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Table size for Fletcher 2200 48"

ltlredwagon

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Jul 1, 2018
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5
I'm going to be framing quite a lot of art/photos/documents for family. I will be cutting mats and buying other materials, frames, glass, etc. in the sizes needed. I'm purchasing a Fletcher 2200 48". Most of the mats will be in the 16X20 size or less, but maybe as long as 36". Nothing longer. I will be working in a fairly small space. I have done a little mat cutting in the past with a C&H Advantage, but I'm very inexperienced. I'll be learning on the 2200. I'm looking for advice on an optimum/practical size for a table for the 2200 (which is almost 60" long). A local store has some used drafting tables which are 37.5 X 60 inches by 37" high. I don't have enough room to put the cutter in the middle of the room, but if I put my table against one wall I could easily access the cutter from 3 sides. I guess I'm wondering if 37.5 X 60 is appropriate, just adequate but workable, or if I really should look for something a bit larger. Appreciate any advice.
 

ltlredwagon

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Jul 1, 2018
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I see that one place also has a drafting table that is about 43 X 72. That size would also work in my space.
 

alacrity8

MGF, Master Grumble Framer
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When framing, the larger the workspace, the better.
For cutting 16x20 mats, the 37.5 x 60 inch table would be fine.
When framing, you will need room for the frame, as well as the glass, mat, and backer.
Those elements get stacked as you put together the frame.
I'd recommend a work space at least 3 times the size of the frame you are working on.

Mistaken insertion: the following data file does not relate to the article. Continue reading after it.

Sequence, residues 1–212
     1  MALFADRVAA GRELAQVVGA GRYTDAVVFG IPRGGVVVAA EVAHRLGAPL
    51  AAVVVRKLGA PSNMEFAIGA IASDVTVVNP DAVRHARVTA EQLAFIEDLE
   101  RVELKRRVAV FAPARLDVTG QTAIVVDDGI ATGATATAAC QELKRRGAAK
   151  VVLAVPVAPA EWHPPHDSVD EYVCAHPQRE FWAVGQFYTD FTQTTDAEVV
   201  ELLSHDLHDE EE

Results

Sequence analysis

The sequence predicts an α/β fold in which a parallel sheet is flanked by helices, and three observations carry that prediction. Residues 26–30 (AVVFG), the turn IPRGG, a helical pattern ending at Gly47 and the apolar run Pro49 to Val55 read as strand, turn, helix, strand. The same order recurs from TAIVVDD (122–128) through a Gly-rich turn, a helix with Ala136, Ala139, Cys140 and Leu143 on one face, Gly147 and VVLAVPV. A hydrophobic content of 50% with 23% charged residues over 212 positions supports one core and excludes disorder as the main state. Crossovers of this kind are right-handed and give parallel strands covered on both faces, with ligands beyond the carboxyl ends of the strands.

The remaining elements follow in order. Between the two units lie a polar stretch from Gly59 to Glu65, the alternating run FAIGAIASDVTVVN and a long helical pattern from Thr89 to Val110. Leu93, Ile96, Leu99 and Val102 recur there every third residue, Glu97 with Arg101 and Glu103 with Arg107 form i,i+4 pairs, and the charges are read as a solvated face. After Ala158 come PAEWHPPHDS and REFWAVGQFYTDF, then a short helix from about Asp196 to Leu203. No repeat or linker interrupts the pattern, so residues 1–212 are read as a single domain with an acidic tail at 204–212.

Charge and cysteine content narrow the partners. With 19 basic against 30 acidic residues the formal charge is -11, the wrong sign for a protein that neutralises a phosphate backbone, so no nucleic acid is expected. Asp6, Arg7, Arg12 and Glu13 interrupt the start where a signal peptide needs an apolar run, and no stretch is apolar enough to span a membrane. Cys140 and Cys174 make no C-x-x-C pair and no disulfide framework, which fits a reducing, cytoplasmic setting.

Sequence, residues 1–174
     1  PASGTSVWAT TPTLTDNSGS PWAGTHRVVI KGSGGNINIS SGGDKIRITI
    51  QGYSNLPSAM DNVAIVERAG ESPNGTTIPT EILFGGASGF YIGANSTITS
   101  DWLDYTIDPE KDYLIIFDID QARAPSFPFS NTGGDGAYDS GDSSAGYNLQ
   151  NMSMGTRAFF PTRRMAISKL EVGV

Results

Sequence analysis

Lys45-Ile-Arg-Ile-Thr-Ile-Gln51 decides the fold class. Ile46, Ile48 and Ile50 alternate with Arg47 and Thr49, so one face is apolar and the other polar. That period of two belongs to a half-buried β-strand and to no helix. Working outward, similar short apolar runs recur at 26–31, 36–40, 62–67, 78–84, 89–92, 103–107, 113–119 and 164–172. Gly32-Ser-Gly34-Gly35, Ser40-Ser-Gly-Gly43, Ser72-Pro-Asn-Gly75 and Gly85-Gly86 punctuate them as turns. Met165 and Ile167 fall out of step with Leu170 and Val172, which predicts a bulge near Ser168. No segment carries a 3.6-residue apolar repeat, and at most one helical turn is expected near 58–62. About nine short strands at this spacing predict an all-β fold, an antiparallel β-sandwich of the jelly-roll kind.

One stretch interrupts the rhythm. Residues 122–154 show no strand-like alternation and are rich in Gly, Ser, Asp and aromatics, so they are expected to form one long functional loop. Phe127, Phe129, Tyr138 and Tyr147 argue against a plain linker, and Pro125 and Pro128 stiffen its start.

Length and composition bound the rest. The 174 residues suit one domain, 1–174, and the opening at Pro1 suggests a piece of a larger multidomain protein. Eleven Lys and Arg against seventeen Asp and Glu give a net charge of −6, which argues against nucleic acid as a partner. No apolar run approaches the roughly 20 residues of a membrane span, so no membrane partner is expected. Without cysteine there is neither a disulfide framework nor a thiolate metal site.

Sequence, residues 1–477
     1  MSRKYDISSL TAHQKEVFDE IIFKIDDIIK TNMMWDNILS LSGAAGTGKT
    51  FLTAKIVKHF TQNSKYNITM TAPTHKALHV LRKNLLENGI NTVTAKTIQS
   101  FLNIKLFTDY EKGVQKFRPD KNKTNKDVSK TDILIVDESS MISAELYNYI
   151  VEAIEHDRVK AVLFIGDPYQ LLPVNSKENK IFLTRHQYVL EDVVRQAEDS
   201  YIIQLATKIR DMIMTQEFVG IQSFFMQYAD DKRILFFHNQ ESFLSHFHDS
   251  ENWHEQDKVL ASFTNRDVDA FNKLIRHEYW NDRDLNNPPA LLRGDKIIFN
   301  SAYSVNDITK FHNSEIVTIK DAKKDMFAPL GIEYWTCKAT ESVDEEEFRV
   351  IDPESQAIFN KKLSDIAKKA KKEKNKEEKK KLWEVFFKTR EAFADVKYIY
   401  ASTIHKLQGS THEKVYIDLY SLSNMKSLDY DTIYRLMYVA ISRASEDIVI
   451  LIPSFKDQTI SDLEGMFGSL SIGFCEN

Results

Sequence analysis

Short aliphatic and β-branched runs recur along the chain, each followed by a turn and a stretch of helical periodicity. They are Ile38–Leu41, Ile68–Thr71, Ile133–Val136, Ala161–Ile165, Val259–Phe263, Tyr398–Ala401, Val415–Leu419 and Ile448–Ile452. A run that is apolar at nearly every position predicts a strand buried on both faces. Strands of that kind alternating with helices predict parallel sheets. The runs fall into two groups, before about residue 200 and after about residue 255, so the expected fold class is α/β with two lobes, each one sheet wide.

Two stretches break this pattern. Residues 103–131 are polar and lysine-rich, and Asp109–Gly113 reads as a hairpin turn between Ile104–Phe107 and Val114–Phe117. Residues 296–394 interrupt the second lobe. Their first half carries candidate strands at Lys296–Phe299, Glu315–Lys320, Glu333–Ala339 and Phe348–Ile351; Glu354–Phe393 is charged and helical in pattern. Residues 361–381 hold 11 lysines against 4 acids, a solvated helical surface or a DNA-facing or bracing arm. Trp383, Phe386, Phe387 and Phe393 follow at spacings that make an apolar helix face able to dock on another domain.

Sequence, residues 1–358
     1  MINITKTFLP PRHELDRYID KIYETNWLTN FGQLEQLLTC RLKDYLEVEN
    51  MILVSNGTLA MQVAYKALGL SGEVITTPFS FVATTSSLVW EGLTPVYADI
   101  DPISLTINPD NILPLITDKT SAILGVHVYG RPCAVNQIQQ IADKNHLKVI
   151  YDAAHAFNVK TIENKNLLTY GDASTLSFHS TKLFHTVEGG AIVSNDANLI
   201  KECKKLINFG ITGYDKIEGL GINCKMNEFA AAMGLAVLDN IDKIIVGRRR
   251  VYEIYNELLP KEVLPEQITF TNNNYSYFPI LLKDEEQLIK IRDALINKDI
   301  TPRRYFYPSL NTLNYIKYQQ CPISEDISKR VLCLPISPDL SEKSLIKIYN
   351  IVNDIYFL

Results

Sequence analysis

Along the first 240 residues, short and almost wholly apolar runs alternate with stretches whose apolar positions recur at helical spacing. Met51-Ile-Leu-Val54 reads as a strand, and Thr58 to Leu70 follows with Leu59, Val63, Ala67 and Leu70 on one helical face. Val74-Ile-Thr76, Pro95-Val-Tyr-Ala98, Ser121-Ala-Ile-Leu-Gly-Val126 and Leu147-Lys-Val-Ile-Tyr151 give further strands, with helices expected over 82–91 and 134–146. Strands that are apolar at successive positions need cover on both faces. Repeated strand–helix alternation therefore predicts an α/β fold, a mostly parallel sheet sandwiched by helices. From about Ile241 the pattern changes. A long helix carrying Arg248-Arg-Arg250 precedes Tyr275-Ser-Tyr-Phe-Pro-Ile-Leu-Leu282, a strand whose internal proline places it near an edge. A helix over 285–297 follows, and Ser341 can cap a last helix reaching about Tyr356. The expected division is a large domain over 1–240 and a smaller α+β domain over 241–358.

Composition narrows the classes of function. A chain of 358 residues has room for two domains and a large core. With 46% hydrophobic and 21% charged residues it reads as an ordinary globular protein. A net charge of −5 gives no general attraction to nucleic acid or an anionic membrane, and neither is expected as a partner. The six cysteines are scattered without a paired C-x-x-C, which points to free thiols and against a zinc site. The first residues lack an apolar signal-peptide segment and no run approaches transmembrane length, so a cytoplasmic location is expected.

If you are keeping the mat cutter on the table at all times, I would recommend a larger table.
When we first opened, our work table was 48" x 96" wide. Our 48" mat cutter went off the end of the table a bit.
It worked okay for a bit, but we now have a 96"x 96" table.

Brian
 

Larry Peterson

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If you use a drafting table, make sure it is a substantial piece of furniture, not a modern flimsy throwaway that will fall apart in a year or two. If you can, why not build your own table?
 
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Larry Peterson

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Or you could buy a folding-leg table like THIS one.
:cool: Rick

Those things are pretty sturdy. I have a couple. One is card table size for when I eat in front of the TV. It weighs about 3-4 times the flimsy card table it replaced.

The only issue is the height. Unless you like low tables, it's too low for a mat cutter. I had the same problem with the table in my laundry room. It was too low and i needed it to be mobile so I could move it away from the wall whilst folding sheets. You can see my solution below. It should work for your mat cutter plus it will be mobile.

Its hard to see but the table is actually bolted to the mobile frame.


laundrytable.jpg
 

ltlredwagon

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Jul 1, 2018